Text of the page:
What is your heritage and which part of that would you most like to reflect in a dish? Do any dishes come to mind?
Well, my heritage is a bit all over the place. I’m a bit of everything — a mutt, if you will. Growin up, my grandfather loved eating corned beef and cabbage. I remember when I was a kid, we would always eat that on St. Patrick’s Day. My dad would make a big batch every year, and then my grandfather would come over and have dinner with us. With that said, I would do a version of corned beef and cabbage. The broth would be a rich beef consommé with lightly corned beef that was braised in that flavorful broth along with some stuffed cabbage and root vegetables. I did a version of this one year while I was working for Dainel Boulud in Las Vegas. It was a hit on St Patrick’s Day! This challenge would be right up my alley.
Which member of your family would you most want to be judging your food?
I would love to have seen my mother or my father! They both love food and cooking, so flip a coin because it’s a tough one to choose.
FTW…it’s Antonia, and I am really SHOCKED. You? I really thought that, while it was close, Tiffany stuck the landing over everyone.
Wow, Antonia nailed it! Great job! She has been a solid competitor this season and she knows how to cook, that’s for sure. Tiffany was determined not to go home this time. During my season, this is exactly when she went home. I was so happy to see her pull through again. The judges were right; it was a very tough decision. They all looked good. What a terrific episode this was!
I’m stunned that they changed the rules and let all five through. What do you think was going on here?
Again, with the answer above, all of the dishes were great. It must have been a long time at judges table. I am sure that someone was secretly pissed off that no one actually went home. I know I would only want four going to the finals, and not five. But, they all hit a home run with this challenge!
What lies ahead here in this final round? And, how would you feel about competing against Kevin one more time?
You really don’t know what to expect in the finals at all. Anything goes! All I know is that I wasn’t joking around and was on a mission to cook good food for the title of Top Chef. I would love to go up against Kevin again, anytime, anywhere. Kev’s a great guy and his food is quality. I’m not afraid or scared to compete against anyone. It is just food!
OpenTable is pleased to announce that we’ve seated our 200 millionth cumulative diner during the first quarter. Diners seated via online reservations through OpenTable have now spent an estimated $8 billion at partner restaurants.
“Our early adopting restaurants were using the OpenTable Electronic Reservation Book first and foremost to optimize their front-of-house operations,” said Jeff Jordan, Chief Executive Officer of OpenTable. “Over time, diners discovered the convenience of making online reservations, and we’re very gratified that over 200 million diners have been seated through our service. We value our partnership with our restaurant customers and are energized by helping them fill their dining rooms and grow their businesses.”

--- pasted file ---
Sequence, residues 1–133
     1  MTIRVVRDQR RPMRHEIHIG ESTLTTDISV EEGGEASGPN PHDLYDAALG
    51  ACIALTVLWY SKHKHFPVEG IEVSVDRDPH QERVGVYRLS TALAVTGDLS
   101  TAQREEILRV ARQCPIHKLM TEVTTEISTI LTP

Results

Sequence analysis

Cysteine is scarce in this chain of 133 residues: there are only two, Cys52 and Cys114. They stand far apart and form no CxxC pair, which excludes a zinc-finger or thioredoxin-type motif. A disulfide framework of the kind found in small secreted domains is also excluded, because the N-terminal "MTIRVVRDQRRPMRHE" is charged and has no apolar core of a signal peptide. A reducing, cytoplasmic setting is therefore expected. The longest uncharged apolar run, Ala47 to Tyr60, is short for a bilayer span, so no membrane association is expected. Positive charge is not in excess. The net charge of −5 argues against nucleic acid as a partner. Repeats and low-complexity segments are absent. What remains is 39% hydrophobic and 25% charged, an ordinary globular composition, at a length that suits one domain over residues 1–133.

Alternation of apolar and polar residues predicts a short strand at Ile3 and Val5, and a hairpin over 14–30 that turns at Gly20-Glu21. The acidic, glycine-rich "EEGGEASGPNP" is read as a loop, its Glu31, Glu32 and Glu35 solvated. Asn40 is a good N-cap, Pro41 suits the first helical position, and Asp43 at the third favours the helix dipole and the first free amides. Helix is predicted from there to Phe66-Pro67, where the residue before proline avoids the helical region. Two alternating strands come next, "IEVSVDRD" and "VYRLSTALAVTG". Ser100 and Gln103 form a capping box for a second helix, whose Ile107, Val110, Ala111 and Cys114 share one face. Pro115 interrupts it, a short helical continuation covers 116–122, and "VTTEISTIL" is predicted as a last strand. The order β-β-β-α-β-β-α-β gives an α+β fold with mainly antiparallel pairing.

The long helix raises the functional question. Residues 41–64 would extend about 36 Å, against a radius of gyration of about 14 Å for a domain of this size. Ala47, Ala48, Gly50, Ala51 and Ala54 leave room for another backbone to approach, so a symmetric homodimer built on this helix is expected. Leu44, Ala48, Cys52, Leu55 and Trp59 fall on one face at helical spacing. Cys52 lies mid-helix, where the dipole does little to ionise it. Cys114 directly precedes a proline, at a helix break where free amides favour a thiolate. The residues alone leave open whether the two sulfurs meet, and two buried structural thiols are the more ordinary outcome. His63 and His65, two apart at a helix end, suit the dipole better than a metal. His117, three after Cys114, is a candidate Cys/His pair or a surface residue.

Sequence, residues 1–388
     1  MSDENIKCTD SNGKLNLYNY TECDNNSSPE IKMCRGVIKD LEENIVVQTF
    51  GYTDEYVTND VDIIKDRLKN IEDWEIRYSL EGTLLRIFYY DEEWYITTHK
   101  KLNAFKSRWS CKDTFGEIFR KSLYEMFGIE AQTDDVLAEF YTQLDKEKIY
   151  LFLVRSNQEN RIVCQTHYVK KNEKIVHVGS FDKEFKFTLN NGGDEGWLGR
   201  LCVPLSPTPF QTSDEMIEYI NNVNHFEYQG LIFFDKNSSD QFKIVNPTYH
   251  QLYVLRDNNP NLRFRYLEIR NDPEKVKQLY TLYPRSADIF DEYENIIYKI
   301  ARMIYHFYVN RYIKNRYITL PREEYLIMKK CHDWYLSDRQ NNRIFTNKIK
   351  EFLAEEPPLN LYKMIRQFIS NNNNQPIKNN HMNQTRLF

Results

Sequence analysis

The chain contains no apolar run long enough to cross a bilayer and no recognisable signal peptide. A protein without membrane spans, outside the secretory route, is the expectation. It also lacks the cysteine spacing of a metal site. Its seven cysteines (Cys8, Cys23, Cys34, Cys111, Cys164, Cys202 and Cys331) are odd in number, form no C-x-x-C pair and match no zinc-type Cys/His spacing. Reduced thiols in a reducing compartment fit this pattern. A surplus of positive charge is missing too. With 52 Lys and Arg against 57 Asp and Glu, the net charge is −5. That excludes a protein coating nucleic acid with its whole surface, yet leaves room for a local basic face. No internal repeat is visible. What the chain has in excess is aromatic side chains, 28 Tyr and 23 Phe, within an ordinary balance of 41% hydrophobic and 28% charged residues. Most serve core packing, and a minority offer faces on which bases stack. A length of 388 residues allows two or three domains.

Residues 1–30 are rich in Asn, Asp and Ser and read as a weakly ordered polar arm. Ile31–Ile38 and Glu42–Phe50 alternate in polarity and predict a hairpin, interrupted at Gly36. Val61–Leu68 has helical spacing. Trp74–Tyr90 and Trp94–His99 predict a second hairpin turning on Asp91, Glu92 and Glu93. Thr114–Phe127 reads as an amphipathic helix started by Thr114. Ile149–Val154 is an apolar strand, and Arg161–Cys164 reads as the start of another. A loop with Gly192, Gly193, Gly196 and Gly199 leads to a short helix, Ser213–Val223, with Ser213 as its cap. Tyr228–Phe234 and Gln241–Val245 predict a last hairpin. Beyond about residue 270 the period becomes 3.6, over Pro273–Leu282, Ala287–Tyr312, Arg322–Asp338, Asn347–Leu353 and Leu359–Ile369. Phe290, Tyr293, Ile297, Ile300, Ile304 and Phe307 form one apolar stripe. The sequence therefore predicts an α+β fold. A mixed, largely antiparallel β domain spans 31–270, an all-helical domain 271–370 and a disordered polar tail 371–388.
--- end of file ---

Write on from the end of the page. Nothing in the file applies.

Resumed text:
“In 1999, we became one of the first restaurants to computerize the host stand using OpenTable,” said Dale Forrest, General Manager of Farallon Restaurant in San Francisco, a critically acclaimed winner of numerous OpenTable Diners’ Choice Awards. “Our original decision to use the OpenTable Electronic Reservation Book was driven by its user-friendly interface and operational benefits, such as catering to all our guests’ needs, planning special events, and efficiently managing seating plans. Over time, as the OpenTable diner network has grown and online reservations have become increasingly popular, we’ve reaped another benefit: filling more seats.”
OpenTable has more than 20,000 restaurant customers, including over 3,000 restaurants in the United Kingdom that may be booked via toptable.com, a leading restaurant reservation site based in London and owned and operated by OpenTable.
The start of March brings the start of Dine Around Seattle. Now in its tenth year, Dine Around Seattle fetes the best of the Seattle dining scene for a whole month. Featuring $15 lunches and $30 dinners, more than 40 restaurants are proudly participating in what has become a Seattle tradition. Organizer Lissa Gruman shared her advice and reflections on Dine Around Seattle and this landmark anniversary.